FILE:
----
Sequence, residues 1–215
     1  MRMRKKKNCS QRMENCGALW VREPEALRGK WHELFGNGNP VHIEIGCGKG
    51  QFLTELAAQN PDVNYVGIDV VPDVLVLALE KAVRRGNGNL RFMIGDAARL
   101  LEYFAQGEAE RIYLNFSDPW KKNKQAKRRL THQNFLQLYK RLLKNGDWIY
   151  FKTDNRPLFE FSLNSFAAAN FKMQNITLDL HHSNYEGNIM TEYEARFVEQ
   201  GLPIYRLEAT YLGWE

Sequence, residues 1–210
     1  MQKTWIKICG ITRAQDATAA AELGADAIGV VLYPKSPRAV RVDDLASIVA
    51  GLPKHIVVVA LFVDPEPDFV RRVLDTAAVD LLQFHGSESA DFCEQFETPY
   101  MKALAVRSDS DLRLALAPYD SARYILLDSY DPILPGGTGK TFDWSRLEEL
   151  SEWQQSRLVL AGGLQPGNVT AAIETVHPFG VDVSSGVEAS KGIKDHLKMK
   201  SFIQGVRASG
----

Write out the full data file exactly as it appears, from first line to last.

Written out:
Sequence, residues 1–215
     1  MRMRKKKNCS QRMENCGALW VREPEALRGK WHELFGNGNP VHIEIGCGKG
    51  QFLTELAAQN PDVNYVGIDV VPDVLVLALE KAVRRGNGNL RFMIGDAARL
   101  LEYFAQGEAE RIYLNFSDPW KKNKQAKRRL THQNFLQLYK RLLKNGDWIY
   151  FKTDNRPLFE FSLNSFAAAN FKMQNITLDL HHSNYEGNIM TEYEARFVEQ
   201  GLPIYRLEAT YLGWE

Sequence, residues 1–210
     1  MQKTWIKICG ITRAQDATAA AELGADAIGV VLYPKSPRAV RVDDLASIVA
    51  GLPKHIVVVA LFVDPEPDFV RRVLDTAAVD LLQFHGSESA DFCEQFETPY
   101  MKALAVRSDS DLRLALAPYD SARYILLDSY DPILPGGTGK TFDWSRLEEL
   151  SEWQQSRLVL AGGLQPGNVT AAIETVHPFG VDVSSGVEAS KGIKDHLKMK
   201  SFIQGVRASG